Somatostatinoma Presented as Double-Duct Sign.Case Rep Gastrointest Med 2019; 2019:9506405CR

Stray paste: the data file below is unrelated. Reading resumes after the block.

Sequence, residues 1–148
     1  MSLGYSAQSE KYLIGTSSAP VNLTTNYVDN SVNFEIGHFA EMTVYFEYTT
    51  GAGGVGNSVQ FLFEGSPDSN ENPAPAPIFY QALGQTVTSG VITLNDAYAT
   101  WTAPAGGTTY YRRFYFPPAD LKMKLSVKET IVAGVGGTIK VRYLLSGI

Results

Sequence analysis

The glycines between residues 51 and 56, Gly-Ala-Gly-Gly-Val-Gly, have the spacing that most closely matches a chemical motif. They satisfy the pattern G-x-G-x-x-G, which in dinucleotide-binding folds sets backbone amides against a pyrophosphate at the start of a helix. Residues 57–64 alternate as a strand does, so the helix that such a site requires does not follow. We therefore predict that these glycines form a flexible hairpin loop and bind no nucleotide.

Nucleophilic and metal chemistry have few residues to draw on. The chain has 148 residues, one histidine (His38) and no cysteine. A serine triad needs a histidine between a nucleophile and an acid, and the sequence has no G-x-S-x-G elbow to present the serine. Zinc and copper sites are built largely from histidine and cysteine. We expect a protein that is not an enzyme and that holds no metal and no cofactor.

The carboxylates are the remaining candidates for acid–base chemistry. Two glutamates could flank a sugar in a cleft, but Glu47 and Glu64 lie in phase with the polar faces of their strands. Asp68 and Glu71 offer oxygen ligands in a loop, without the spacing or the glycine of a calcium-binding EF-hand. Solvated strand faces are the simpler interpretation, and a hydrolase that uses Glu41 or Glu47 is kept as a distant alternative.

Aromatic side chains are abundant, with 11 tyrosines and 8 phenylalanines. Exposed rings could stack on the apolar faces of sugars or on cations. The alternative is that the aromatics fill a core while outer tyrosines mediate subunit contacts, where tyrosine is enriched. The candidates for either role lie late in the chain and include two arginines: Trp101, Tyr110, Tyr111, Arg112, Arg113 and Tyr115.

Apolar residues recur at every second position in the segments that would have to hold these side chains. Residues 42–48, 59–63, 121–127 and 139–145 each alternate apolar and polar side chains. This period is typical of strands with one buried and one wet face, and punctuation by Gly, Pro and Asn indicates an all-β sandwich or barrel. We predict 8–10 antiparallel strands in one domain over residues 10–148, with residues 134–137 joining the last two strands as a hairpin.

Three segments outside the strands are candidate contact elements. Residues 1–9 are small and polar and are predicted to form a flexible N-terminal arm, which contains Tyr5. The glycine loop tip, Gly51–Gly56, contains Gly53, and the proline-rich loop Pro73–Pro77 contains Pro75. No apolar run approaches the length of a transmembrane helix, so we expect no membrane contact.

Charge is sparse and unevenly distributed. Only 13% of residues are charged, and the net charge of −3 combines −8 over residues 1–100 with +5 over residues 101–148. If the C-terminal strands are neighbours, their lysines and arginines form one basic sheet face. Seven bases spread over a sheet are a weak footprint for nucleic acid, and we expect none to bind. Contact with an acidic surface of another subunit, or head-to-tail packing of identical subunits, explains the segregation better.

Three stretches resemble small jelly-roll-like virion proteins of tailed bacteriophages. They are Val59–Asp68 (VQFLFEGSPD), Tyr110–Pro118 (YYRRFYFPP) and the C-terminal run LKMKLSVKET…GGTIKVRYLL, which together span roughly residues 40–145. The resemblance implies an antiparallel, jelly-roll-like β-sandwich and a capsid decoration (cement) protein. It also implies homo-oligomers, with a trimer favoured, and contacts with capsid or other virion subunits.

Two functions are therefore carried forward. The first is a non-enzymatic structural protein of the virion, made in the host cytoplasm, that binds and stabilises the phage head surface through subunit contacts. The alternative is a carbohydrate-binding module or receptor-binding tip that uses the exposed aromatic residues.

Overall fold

Somatostatinoma is a rare neuroendocrine tumor with an incidence rate of 1 in 40 million people. It presents mostly as asymptomatic tumor diagnosed incidentally on imaging or surgery when evaluating or treating possible causes of abdominal pain. It also can present with vague symptoms, or as a clinical triad of glucose intolerance, steatorrhea, and achlorhydria. The majority of somatostatinomas are present in the pancreatic head, followed by the duodenum, the pancreatic tail, and rarely the ampulla of Vater. The prognosis is poor as more than 77% of cases present as advanced disease with local invasion or distant metastasis. Surgical resection is the main treatment for early stage disease. Other treatment options include somatostatin analogue, molecular targeted therapy, and cytotoxic chemotherapy. The scarcity of somatostatinoma cases led to the lack of fully formulated treatment options. Herein, we present a 43-year old male patient who was referred by his primary care physician to our gastroenterology clinic due to elevated liver function test and double-duct sign on CT scan. We performed an ERCP, which revealed 2 cm ampullary lesion with upstream obstruction. Biopsies were taken and histopathology was unrevealing. He underwent a laparoscopic pancreaticoduodenectomy with histopathology revealed stage IIb somatostatinoma. Treating physicians should hold a high index of suspicion and maintain a broad differential diagnosis of elevated liver enzymes.